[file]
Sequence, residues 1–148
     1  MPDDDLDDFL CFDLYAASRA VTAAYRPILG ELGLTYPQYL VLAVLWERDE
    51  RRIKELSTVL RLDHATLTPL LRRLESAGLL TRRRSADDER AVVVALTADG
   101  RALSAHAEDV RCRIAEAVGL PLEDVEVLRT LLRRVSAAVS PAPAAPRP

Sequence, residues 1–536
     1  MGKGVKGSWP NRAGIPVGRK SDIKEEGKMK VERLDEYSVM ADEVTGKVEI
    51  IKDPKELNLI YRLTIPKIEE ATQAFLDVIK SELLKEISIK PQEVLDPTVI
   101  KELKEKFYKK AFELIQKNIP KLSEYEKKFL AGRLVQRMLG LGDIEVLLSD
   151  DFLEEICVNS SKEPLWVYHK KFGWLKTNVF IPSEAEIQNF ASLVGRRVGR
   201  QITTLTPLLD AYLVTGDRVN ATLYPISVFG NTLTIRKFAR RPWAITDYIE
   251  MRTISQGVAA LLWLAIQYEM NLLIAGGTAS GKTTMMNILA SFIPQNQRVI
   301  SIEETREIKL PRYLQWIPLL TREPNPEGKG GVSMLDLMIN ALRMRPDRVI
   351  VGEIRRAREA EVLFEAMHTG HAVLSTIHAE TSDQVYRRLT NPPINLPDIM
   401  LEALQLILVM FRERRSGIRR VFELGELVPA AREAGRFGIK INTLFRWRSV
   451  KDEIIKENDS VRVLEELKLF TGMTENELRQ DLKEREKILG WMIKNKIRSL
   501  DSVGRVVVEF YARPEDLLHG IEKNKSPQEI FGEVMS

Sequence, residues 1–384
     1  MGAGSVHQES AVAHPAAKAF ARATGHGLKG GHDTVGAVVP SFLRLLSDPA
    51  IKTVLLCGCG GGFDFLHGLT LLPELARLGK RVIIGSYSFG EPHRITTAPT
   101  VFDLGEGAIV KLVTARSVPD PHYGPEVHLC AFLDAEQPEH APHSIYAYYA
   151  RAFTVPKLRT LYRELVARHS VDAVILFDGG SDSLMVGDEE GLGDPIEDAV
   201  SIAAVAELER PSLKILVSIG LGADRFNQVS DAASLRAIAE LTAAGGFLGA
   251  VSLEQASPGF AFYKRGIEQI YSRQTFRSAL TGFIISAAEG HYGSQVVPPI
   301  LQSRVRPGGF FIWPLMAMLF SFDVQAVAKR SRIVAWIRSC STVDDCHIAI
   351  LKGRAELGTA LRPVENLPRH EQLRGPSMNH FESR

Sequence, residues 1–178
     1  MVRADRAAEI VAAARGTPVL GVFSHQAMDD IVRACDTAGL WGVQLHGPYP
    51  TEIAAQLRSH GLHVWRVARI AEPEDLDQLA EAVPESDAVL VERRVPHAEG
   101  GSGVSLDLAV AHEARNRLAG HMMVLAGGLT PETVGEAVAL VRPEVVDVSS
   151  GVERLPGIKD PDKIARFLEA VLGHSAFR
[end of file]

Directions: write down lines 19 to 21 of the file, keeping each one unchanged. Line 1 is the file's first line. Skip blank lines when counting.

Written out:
    51  IKTVLLCGCG GGFDFLHGLT LLPELARLGK RVIIGSYSFG EPHRITTAPT
   101  VFDLGEGAIV KLVTARSVPD PHYGPEVHLC AFLDAEQPEH APHSIYAYYA
   151  RAFTVPKLRT LYRELVARHS VDAVILFDGG SDSLMVGDEE GLGDPIEDAV